Zoning Attorney David Murray Keeps Outdoor Patio Open at Local Favorite, Ed's Tavern.

Zoning Attorney David Mur…

Attorney David Murray obtained a decision from the Mecklenburg County Superior Court reversing a City of Charlotte Zoning Board of Adjustment (“ZBA”) decision which found his client in violation of the City of Charlotte Zoning Ordinance for its operating of a new building addition on the property after 11:00 p.m.

The client, 2200 Park, LLC, d/b/a Ed’s Tavern is a local restaurant and bar which has been a staple in the Dilworth neighborhood of Charlotte for many years.  In 2016, Ed’s came under new management who decided to construct a new addition on the back of the existing historic restaurant building.  The new addition was approved by Mecklenburg County building standards and the Historic District Commission.  In approximately May 2017, the City of Charlotte zoning code enforcement issued a notice of violation to Ed’s for their use of the new addition after 11:00 p.m.   The notice alleged that the new addition did not meet the spirit and intent of being a “permanent building” under the zoning ordinance.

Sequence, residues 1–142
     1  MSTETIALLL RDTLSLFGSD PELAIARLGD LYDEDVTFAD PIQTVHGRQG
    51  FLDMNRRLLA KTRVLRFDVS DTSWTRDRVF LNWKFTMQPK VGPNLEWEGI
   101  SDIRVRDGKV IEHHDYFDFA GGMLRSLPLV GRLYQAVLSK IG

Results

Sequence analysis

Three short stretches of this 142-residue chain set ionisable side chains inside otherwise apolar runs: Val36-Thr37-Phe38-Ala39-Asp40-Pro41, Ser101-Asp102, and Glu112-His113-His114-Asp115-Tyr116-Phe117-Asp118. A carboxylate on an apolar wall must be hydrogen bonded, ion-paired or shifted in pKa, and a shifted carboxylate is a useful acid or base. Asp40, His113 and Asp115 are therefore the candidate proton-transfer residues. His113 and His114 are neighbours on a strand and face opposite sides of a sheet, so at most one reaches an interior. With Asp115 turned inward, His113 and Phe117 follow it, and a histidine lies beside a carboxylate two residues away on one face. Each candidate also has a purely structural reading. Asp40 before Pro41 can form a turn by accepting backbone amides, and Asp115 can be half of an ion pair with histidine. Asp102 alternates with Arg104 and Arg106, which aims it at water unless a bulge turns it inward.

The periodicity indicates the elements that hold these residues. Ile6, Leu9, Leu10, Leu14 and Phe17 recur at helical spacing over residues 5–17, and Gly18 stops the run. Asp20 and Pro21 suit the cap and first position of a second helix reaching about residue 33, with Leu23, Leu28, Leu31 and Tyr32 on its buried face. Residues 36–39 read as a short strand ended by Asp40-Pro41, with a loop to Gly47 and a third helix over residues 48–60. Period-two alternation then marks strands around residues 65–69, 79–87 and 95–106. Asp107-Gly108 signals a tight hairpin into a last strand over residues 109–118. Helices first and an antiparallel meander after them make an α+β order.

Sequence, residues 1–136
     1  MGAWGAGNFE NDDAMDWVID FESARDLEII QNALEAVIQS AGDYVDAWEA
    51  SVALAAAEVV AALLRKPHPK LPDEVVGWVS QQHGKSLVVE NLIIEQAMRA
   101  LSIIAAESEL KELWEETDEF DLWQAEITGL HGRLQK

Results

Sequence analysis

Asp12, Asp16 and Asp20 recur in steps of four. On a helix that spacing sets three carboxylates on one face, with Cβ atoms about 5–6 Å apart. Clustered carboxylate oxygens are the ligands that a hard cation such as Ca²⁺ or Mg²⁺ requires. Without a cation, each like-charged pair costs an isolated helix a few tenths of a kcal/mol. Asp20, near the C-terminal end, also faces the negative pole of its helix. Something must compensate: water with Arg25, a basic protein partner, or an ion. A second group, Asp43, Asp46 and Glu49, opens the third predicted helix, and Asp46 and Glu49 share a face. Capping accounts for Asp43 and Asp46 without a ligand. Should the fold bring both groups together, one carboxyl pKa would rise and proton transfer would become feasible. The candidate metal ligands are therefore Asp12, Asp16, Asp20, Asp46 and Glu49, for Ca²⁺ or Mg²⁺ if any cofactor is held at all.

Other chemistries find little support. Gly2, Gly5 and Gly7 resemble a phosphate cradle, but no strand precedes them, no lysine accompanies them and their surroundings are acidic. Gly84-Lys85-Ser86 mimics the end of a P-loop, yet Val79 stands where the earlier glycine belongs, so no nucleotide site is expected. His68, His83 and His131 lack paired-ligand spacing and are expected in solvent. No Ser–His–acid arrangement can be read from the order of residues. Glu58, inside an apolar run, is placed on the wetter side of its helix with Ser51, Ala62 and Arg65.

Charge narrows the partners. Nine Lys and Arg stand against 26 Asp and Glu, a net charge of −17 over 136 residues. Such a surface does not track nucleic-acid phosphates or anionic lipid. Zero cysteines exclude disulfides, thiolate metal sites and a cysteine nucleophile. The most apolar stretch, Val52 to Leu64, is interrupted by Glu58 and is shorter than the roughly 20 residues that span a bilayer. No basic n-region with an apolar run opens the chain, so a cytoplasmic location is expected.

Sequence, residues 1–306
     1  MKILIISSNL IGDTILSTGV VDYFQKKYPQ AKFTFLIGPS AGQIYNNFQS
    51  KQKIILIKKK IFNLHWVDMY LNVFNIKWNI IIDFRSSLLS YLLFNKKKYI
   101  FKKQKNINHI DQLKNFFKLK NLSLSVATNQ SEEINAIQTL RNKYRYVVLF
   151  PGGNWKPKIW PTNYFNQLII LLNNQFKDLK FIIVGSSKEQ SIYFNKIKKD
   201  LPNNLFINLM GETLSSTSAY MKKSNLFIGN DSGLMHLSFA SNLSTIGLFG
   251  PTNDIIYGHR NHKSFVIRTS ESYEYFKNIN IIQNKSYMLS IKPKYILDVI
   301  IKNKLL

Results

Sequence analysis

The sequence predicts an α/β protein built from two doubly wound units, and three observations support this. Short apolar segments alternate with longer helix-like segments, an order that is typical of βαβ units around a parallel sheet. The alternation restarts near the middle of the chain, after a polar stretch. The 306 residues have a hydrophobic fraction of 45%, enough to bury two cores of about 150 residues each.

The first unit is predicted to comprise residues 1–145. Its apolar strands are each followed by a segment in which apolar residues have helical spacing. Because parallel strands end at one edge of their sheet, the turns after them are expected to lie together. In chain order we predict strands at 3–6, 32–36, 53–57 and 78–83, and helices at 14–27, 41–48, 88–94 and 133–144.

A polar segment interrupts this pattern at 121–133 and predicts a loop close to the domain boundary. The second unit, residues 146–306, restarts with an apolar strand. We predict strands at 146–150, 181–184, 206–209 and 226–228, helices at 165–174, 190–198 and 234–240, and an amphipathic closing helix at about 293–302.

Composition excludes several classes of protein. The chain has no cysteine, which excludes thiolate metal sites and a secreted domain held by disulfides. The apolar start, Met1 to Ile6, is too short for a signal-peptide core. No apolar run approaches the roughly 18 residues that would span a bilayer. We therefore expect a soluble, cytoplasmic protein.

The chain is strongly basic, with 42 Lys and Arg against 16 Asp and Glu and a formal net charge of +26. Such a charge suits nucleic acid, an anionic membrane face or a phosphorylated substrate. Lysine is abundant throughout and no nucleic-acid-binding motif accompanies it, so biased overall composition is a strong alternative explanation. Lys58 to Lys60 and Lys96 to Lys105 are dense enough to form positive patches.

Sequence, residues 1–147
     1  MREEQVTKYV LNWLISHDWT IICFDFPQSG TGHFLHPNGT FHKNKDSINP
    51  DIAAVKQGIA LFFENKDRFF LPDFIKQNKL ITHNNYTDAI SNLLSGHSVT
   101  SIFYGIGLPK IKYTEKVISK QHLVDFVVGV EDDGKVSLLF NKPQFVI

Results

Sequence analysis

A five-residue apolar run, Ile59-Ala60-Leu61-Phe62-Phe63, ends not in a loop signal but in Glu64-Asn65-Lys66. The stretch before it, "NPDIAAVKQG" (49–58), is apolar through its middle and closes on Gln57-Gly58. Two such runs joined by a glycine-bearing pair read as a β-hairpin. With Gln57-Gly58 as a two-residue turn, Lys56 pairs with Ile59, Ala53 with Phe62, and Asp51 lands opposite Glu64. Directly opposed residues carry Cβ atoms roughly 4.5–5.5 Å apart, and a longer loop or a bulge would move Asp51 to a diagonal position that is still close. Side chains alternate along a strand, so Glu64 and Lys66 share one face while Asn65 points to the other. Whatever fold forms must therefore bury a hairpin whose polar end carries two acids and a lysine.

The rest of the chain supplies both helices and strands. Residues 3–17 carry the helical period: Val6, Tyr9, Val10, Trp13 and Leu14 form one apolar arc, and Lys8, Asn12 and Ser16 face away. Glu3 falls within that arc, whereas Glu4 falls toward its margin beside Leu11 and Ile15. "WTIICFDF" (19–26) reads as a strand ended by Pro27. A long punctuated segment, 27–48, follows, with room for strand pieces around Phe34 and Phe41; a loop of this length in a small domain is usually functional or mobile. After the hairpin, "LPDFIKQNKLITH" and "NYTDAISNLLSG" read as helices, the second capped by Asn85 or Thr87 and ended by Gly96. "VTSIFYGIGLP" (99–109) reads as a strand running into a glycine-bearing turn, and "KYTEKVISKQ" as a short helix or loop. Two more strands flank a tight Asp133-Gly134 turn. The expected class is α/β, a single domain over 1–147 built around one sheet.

Murray appealed the notice of violation on behalf of Ed’s and proceeded to a hearing before the ZBA.   The City alleged that the new addition was actually an outdoor space since it had used the preexisting deck flooring and had opening garage doors.  The zoning ordinance itself only required the building to have a permanent roof and permanent walls, which was not disputed at the hearing.  Regardless, the Zoning Board of Adjustment held that the notice of violation was correct and voted 5-0 against Ed’s to affirm the notice.

Superior Court Rules in Favor of Ed's Tavern Zoning Appeal

Thereafter, Murray appealed the ZBA decision to the Mecklenburg County Superior Court.  A hearing was held in June 2018.  At the close of the hearing, the superior court judge adopted Mr. Murray’s arguments, determined that the City and ZBA’s interpretation and application of the zoning ordinance was incorrect, and reversed the ZBA's decision, ordering that the notice of violation be rescinded.   The court’s order was not appealed by the City.


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